Notre Dame Announces $400 Million Project That Includes Premium Seating In The House Rockne Built


On January 29, 2014, The Observer, a student-run, daily print and online newspaper serving Notre Dame and St. Mary’s, reported that Notre Dame “is hoping to begin massive construction of Notre Dame Stadium after the conclusion of the 2014 football season,” after interviewing University President Rev. John I. Jenkins, C.S.C. It confirmed that the “Notre Dame Board of Trustees has endorsed a plan to build three buildings totaling 750,000 square feet that will surround the Stadium.” The “Campus Crossroads Project” is expected to cost $400 millions, and to take 33 months to construct from start to finish. President Jenkins confirmed that, ideally, the University would make the decision to go ahead with the project in August and start building after Notre Dame’s home finale against Louisville in November.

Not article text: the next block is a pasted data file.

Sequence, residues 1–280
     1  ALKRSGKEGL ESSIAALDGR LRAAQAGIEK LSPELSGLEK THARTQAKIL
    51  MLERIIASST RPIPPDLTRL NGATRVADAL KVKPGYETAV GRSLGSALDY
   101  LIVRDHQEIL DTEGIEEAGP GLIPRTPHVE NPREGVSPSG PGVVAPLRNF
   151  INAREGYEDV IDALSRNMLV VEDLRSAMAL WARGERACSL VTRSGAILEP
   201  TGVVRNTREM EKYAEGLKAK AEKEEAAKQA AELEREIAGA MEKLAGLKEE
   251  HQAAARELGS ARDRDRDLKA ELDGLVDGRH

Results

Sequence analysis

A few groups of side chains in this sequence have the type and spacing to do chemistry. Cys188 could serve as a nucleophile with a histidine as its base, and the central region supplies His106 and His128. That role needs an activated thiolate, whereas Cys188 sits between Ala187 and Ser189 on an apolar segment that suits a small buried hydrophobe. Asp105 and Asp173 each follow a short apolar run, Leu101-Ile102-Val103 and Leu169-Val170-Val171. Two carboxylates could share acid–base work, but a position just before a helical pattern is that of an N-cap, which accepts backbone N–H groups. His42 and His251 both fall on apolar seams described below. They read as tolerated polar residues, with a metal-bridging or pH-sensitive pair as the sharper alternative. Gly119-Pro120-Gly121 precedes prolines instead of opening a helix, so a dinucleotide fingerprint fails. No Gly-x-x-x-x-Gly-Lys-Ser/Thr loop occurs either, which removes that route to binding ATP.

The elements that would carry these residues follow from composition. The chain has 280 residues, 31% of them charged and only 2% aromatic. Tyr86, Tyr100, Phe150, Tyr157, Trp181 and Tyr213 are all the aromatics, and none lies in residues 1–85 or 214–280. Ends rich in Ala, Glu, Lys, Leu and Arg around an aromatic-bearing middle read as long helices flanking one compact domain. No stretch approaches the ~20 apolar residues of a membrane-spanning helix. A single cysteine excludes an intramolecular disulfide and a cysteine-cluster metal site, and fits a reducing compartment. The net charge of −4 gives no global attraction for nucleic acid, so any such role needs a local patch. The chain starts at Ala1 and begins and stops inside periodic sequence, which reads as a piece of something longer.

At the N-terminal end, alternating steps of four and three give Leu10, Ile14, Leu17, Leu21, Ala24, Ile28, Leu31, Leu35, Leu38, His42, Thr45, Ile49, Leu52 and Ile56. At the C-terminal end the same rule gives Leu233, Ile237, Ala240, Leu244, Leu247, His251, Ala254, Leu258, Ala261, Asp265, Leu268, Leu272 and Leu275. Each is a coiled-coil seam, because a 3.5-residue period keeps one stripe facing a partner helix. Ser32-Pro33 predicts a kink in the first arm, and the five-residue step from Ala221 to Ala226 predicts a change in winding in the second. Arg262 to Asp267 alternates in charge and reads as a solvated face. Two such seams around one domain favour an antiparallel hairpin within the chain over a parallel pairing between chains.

President Jenkins, however, reportedly confirmed that Notre Dame still needs to raise funds for the project. Evidently, the University’s policy is to have 100% of the funding promised and 50% in hand before construction begins. Notre Dame is looking for benefactors who will support the Campus Crossroads Project and expects the rest of the funding to come from various sources, including revenue from premium seating tickets — 3,000 to 4,000 additional club seats.

Paul Browne, a spokesperson for the University, reportedly confirmed that the University expects to employ all construction trades locally, but it could also contract with some Chicago-area companies to help with construction. President Jenkins reportedly confirmed that Notre Dame expects to look first towards South Bend for construction companies, providing job opportunities to the local community.

Erin Hoffmann Harding, Vice President of Student Affairs, reportedly confirmed that Notre Dame has worked with architectural firms like 360 Architects, Slam and Workshop Architects so far on the project.

Additional Resources: ESPN; ABC News; USA Today; Chicago Tribune; South Bend Tribune; bleacher report